After the interview

My interview at the posh expensive college near Chester went like a dream. I enjoyed the day so much I was hoping I wouldn’t have to go home at the end. I actually fancied staying over!
I find it interesting that I enjoyed that day so much, despite the fact that it was for an interview. Usually, when you go for an interview, you are stressed, unsure, worried and eager to get it over and done with. I was none of the above. I was happy to be there, excited about the whole day and eager to do the tasks they gave me to test my abilities to deal with woodwork.
That College is a wonderful place to be in. It is big, it is beautiful (think Hogwarts castle on a smaller scale), but most importantly, it is built for students to study. It is a haven of peace which is full of people who quietly go about the place to learn new skills and new things. It was a pleasure to be there, surrounded by peers all driven by their creative spirits, with all the physical and emotional space needed to allow their inner artists to come out and express themselves.
Once you understand the spirit of the place, it is easy to understand how you can fall in love with the place when you are on a path to seek creative change. And that’s what happened to me.
I was tested on my abilities to describe the use of woodwork tools (fascinating), to colour match a picture with some water colours (challenging), date some antique chairs (loved it) and some interviews: one with tutors, one with the financial advisor and a meeting with the student welfare officer. I was busy. I was tested. I was stretched. I was questioned and I had to justify my choices and my reasons for wanting to join that prestigious college. And I loved every moment of it.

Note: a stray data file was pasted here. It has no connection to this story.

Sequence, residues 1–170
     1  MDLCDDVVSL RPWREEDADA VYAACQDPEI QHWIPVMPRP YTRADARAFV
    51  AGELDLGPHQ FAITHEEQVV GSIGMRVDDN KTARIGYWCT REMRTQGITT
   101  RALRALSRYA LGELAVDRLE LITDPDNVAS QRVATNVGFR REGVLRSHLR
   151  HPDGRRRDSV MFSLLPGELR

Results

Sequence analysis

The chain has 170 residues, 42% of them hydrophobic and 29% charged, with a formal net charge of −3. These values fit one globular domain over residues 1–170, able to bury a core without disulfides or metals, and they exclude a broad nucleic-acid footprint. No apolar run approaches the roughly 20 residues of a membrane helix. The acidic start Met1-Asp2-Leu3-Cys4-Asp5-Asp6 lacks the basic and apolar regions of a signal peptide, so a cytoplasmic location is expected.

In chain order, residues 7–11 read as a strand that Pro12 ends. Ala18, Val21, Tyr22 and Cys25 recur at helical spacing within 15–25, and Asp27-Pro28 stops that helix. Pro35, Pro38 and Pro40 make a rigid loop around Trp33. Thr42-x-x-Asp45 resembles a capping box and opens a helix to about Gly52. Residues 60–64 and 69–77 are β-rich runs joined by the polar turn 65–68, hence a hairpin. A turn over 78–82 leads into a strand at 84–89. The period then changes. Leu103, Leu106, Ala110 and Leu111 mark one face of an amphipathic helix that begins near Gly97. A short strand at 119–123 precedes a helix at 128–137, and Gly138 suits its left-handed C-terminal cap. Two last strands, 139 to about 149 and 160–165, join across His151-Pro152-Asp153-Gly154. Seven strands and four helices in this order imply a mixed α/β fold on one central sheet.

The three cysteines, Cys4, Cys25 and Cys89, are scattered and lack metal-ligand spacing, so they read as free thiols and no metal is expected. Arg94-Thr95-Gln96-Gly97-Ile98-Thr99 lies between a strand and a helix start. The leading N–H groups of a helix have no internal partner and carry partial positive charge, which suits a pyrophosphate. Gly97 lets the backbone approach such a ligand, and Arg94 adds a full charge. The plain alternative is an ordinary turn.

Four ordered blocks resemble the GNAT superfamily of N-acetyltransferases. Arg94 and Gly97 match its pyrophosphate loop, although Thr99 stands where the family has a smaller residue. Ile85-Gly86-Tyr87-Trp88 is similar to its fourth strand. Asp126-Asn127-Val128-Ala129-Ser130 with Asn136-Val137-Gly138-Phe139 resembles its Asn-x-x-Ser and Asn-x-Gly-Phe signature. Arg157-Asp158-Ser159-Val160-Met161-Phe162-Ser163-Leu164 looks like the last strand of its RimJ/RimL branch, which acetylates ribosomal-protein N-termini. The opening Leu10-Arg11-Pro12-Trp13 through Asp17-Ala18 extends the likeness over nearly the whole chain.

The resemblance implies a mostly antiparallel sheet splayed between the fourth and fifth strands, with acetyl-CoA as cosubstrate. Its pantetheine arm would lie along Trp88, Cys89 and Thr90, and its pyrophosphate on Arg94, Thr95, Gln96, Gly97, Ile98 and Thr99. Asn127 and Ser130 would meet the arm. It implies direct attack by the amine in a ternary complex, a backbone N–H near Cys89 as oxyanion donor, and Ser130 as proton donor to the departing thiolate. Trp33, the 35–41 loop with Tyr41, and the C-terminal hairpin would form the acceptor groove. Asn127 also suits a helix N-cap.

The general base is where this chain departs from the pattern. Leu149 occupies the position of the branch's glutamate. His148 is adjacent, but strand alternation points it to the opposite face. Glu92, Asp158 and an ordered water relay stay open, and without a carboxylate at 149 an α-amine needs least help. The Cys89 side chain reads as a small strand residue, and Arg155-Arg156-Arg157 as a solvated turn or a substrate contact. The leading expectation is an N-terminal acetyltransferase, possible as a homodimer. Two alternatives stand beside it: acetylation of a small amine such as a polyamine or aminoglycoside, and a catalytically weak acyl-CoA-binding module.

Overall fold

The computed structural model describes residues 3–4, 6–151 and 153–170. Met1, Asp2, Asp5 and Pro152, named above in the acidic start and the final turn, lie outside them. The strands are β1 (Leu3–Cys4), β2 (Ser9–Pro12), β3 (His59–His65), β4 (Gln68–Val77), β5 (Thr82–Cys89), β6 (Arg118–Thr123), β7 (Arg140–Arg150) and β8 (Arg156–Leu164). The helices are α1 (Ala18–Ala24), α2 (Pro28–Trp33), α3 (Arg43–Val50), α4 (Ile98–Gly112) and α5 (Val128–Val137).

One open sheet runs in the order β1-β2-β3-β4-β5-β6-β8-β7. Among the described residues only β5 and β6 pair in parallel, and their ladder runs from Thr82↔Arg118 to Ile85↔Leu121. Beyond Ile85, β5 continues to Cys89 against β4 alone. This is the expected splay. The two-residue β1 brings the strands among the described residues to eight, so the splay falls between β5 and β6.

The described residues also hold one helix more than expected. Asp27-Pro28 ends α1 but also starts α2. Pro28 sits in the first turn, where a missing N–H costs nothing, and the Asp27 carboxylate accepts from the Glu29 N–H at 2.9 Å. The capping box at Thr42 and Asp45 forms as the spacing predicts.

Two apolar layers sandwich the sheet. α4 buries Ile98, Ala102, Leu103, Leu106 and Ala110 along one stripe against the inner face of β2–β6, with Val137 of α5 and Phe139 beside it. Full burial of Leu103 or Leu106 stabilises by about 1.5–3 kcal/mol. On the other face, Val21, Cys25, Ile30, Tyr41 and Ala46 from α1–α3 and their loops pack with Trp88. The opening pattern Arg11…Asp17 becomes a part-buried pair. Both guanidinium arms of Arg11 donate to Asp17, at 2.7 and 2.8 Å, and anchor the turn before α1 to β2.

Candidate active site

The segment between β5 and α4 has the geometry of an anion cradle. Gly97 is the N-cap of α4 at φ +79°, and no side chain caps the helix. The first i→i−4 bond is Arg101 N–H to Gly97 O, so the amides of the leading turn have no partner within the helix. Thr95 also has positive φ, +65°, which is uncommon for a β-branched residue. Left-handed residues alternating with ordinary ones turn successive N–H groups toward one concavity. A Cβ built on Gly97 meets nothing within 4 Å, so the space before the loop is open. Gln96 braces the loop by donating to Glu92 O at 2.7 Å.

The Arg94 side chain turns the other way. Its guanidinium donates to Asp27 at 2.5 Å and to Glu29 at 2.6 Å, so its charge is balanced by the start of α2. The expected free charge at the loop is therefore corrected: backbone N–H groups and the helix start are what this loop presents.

That was on the Friday. On the Tuesday, I already had the answer: yes, I have been accepted.
Im in!
So now, all I have to do is find the money to pay my course fee. Only about £10,000 for an academic year. Plus living expenses. Ouch.
Next month will be the month of grants, scholarships and bursaries research. And I am thinking of starting a “Send Artabelle To University” fund.
The most cheeky thing I am planning on doing is to write an open letter to some of the investment banks’ CEOs that I have worked for, to tell them what I am trying to do – quitting the investment banking industry – and how they can help me achieve that by giving me a fraction of their annual bonus… after all, if I don’t try, I’ll never know. Perhaps they are generous and we don’t know it yet… Watch that space.
But the first thing to do is to apply for a British Passport. As a foreigner, I will not be allowed to get all the grants available to British students, which I feel is very unfair considering that I am now in my 20th year of living in London, working hard and paying all my taxes. So I shall take action to make my life this little bit easier and more fair: get a British passport and get what help I need and deserve.
Next step in this program: take the “Life in the UK” test, tomorrow morning. O what fun!

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